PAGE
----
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How the FBI tailing Trump could dog his presidency

From Richard Nixon to Bill Clinton, history suggests that it is never a good thing for a president to have the FBI, with its nearly infinite resources and sweeping investigative powers, on his tail.

FBI Director James Comey’s promise to the House intelligence committee Monday to “follow the facts wherever they lead” in the bureau’s investigation into possible collusion between the Donald Trump’s presidential campaign and Russia during last year’s election amounted to an ominous guarantee, barely two months into Trump’s term, that institutional forces beyond any president’s control will force the facts of the case to light, whatever they are.

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“Comey’s admission of an ongoing counterintelligence investigation, with no endpoint in sight, is a big deal,” said historian Timothy Naftali, who was the first director of the federally-run Nixon presidential library. “This is not going away.”

Moreover, given Trump’s demonstrated willingness to attack any adversary – hours before Comey’s testimony, he tweeted that the suggestion of collaboration between his campaign and Russia was “fake news” – official acknowledgment of the investigation not only raises sharp new questions about the president’s own credibility, but about his willingness to continue undermining public trust and confidence in the government institutions he leads.

Typically, there mere existence of such an investigation would make any White House hypersensitive about the appearance of attempting to interfere with the FBI or the Justice Department. Bill Clinton’s loathing for his FBI director, Louis Freeh, was an open secret in the 1990s (and the feeling was mutual), but it couldn’t stop the bureau from doggedly pursuing investigations of Whitewater or the Monica Lewinsky affair. If anything, the reverse was true.

Will the Trump White House, which is installing loyalty monitors in every Cabinet department, feel similarly hamstrung about publicly attacking Comey, whom the president famously hugged at a Blue Room reception shortly after his inauguration, or trying to quash the inquiry? At a minimum, Trump and his aides would do well to recall the most celebrated instance of a president’s attempt to block an FBI investigation.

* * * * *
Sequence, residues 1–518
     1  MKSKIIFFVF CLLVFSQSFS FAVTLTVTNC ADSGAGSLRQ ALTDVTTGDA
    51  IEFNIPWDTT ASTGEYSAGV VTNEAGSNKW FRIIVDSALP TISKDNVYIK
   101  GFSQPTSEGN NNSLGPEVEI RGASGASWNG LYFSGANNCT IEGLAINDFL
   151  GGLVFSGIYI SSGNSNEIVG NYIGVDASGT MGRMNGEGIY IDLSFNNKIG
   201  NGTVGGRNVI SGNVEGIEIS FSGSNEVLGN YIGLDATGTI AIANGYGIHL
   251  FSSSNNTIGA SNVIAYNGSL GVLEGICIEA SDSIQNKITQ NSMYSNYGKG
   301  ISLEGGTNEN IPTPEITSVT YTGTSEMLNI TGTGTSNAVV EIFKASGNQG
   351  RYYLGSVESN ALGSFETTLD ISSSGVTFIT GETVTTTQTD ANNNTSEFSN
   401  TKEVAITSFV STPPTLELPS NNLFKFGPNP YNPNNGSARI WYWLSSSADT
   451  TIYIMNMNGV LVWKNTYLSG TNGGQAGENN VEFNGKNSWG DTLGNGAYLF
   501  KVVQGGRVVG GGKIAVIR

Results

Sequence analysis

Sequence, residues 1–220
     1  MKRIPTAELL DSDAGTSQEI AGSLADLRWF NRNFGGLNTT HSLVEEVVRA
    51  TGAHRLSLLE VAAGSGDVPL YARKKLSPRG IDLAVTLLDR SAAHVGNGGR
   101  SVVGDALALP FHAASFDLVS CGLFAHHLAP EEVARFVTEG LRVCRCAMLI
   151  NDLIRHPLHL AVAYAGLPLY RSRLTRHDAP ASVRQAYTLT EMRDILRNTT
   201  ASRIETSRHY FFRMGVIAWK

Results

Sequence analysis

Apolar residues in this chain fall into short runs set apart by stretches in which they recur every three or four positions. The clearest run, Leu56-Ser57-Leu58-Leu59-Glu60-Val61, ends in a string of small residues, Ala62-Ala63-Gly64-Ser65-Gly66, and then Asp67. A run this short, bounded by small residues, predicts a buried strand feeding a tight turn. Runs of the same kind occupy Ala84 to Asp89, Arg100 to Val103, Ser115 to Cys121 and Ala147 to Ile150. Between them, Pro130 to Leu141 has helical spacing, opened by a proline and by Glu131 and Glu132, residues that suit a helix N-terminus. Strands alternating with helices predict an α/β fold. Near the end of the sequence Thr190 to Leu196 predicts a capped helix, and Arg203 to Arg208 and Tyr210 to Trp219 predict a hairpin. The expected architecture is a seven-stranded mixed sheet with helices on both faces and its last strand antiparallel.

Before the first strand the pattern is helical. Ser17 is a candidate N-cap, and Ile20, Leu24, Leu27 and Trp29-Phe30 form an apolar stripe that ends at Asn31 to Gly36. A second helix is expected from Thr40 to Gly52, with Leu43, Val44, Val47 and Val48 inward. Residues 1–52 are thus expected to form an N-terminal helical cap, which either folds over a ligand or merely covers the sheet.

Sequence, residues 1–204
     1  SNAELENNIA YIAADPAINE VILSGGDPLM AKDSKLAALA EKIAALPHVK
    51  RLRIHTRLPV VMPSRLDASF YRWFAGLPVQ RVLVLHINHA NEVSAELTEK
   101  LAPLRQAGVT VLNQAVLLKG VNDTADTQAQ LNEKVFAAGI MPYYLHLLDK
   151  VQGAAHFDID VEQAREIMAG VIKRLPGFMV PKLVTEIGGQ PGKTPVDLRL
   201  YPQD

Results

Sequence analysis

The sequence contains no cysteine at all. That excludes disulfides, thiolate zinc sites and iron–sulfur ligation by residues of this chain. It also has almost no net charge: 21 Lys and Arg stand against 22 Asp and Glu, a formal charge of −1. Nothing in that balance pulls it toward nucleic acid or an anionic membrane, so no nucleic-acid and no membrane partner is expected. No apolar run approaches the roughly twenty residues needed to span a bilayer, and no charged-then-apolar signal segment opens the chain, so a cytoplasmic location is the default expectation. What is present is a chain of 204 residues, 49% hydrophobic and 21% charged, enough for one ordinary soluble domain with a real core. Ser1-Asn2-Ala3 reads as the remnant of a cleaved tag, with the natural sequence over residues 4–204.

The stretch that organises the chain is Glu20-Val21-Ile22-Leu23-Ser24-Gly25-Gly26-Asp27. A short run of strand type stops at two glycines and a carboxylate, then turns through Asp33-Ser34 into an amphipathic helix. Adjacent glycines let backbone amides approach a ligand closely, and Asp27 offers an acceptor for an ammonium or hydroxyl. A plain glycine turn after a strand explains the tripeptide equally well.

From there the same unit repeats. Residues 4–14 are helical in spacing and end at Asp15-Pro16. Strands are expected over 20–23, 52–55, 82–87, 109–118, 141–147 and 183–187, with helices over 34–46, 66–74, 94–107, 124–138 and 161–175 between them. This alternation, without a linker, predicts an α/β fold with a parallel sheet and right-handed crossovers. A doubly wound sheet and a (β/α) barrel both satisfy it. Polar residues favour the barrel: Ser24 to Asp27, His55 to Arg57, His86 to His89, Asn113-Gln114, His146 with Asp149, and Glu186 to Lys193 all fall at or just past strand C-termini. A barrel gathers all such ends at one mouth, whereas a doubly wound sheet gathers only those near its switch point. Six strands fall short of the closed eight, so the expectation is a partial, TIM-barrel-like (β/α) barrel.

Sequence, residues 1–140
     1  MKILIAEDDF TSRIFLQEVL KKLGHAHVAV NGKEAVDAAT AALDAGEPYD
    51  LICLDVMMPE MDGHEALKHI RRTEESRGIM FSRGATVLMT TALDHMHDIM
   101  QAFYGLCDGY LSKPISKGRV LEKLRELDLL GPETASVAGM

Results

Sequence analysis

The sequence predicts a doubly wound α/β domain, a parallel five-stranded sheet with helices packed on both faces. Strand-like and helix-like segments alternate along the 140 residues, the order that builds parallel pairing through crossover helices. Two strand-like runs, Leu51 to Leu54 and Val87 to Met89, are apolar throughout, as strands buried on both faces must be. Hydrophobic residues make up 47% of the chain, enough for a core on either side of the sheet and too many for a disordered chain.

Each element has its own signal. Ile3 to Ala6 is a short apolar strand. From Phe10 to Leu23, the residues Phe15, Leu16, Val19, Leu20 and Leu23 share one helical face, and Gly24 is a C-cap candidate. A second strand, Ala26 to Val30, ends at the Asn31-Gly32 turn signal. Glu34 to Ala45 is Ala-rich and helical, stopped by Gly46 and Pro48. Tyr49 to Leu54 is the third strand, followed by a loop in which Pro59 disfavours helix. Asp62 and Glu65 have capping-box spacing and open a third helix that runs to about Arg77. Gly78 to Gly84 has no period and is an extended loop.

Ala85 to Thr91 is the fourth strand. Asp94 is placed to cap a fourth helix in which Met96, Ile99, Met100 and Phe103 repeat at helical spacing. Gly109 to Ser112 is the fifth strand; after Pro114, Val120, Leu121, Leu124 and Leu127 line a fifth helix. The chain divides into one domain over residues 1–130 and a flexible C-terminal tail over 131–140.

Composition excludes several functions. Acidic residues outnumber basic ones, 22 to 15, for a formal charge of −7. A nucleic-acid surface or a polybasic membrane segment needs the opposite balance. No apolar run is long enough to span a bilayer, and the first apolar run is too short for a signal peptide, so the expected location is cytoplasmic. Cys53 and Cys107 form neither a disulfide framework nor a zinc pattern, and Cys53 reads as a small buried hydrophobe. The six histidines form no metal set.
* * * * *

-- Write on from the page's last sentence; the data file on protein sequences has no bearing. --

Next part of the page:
FBI’s Trump-Russia probe knocks White House on its heels

“The obvious example that comes to mind is Watergate, when Richard Nixon famously turned to the CIA to block the FBI’s investigation,” said the historian Julian Zelizer, a professor at Princeton. That attempt failed spectacularly, of course, but Zelizer added, “This is the kind of investigation that is never good news for an administration,” and noted that the current probe has already “consumed much of the president’s time and the doors keep opening to bigger potential problems.”

Trump has an ambitious agenda that involves the Justice Department, on matters from immigration, to civil rights to border security. Attorney General Jeff Sessions, who was one of his earliest and most vocal supporters, had his choice of Cabinet positions. Sessions has announced he would recuse himself from the Russia investigation, but Comey went out of his way to say that the Justice Department had authorized him to take the unusual step of disclosing it.

The disclosure raises questions about how will Trump navigate his dealings with his attorney general and the department to avoid any suggestion of meddling in an ongoing investigation. At least since Watergate, there have been strict protocols covering contacts between the White House and Justice Department about pending investigations – protocols that Trump’s chief of staff Reince Priebus may already have violated by speaking with Comey and Assistant FBI Director Andrew McCabe about the Russia inquiry.